Mobile threats have been around nearly as long as the mobile phone, but they continue to increase in number and complexity as mobile devices become more embedded in, and critical to, our everyday lives. What started out as a somewhat limited attack surface more than a decade ago has grown into a vast landscape of devices utilising the iOS and Android operating systems.
These devices include mobile phones, tablets, televisions, medical devices, alarm systems, and point-of-sale credit card payment systems, among others.
BlackBerry today released a new mobile malware report, Mobile Malware and APT Espionage: Prolific, Pervasive, and Cross-Platform, which examines how advanced persistent threat (APT) groups have been leveraging mobile malware in combination with traditional desktop malware in ongoing surveillance and espionage campaigns.
In the report, BlackBerry researchers reveal what the focus on those groups has overshadowed: several governments with well-established cyber capabilities have long ago adapted to and exploited the mobile threat landscape for a decade or more. In this context, mobile malware is not a new or niche effort, but a longstanding part of a cross-platform strategy integrated with traditional desktop malware in diverse ways across the geopolitical sphere.
The report documents several previously unidentified APT attack campaigns and new malware families and fills gaps in other published research about mobile malware activity by known APT groups.
The researchers examined mobile and mobile/desktop campaigns by APT groups connected to China, Iran, North Korea and Vietnam, as well as two other unidentified but likely state-sponsored threat actors, all of whom were focused on foreign and/or domestic targets for economic and/or political objectives.
“This research demonstrates that mobile attacks are much more pervasive of a threat than previously estimated,” says Eric Cornelius, Chief Technology Officer at BlackBerry Cylance.
“It should come as a surprise to many to learn how coordinated and long-standing the campaigns targeting mobile users have been, as they have been easy targets for APT groups because of a historical deficit in effective security solutions for detecting and preventing mobile malware.”
Previously unidentified intelligence the report reveals includes:
- A newly identified threat actor dubbed BBCY-TA2 is utilising a newly identified Android malware family dubbed PWNDROID3 in combination with a newly identified Windows malware family dubbed PWNWIN1 that is distributed via bogus mobile applications that mimic a popular bitcoin cashing application in a newly identified cross-platform campaign dubbed OPERATION DUALCRYPTOEX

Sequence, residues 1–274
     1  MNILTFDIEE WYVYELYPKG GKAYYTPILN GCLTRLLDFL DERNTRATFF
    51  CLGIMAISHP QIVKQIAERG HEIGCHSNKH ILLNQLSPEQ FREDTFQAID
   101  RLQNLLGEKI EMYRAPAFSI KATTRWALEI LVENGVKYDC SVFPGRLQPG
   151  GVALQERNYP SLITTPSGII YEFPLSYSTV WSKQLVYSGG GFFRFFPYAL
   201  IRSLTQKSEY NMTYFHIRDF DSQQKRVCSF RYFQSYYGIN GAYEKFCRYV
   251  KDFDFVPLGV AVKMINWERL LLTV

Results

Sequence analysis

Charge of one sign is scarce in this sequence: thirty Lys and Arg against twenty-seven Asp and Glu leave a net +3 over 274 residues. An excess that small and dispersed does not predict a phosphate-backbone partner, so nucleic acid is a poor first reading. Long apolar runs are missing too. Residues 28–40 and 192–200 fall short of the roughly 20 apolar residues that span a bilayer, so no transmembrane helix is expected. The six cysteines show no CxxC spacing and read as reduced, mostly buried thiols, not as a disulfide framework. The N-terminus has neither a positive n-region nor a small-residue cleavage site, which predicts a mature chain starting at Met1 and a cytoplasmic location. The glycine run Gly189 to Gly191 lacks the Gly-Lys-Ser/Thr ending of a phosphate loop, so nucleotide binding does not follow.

- A newly identified threat actor dubbed BBCY-TA3 engaged in economic espionage against targets that include a range of Western and South Asian commercial enterprises in the telecommunications space as well as nearly every chemical manufacturing company in the world outside of China and is sharing attack infrastructure with BBCY-TA2
- A newly discovered cross-platform espionage campaign dubbed OPERATION OCEANMOBILE conducted by APT group OCEANLOTUS is employing a newly identified Android malware family dubbed PWNDROID1 that is being delivered via a sophisticated trio of fake mobile applications
- A newly identified cross-platform espionage campaign dubbed OPERATION DUALPAK by APT group BITTER is targeting the Pakistani military leveraging a newly identified mobile malware family dubbed PWNDROID2 that is being distributed via fake applications, SMS, WhatsApp and other social media platforms
As mobile devices grow in type and adoption, they provide a quick means to access sensitive data from select targets. This report highlights that mobile malware use by state or state-sponsored APT groups far exceeds what was previously estimated as a more limited attack vector.
The report also reveals that APT groups are actively using mobile malware in conjunction with traditional desktop malware campaigns, that threat actors with distinctly different target sets are sharing attack infrastructure, and that some APTs are pivoting focus from domestic to foreign targets.
“Both organisations and consumers should be very concerned about what this means for not only their information, but also the safety and security of the countries in which they reside,” says Brian Robison, Chief Evangelist at BlackBerry Cylance.
“It’s clear that the market for exploits targeting mobile devices has skyrocketed, and the sheer scale of what we found – mobile malware that is interwoven with desktop malware campaigns – shows definitively that several nation states are getting in on the mobile campaign action. It is essential that organisations utilise the utmost advanced technology to protect and secure the mobile landscape.”
The full report can be read here.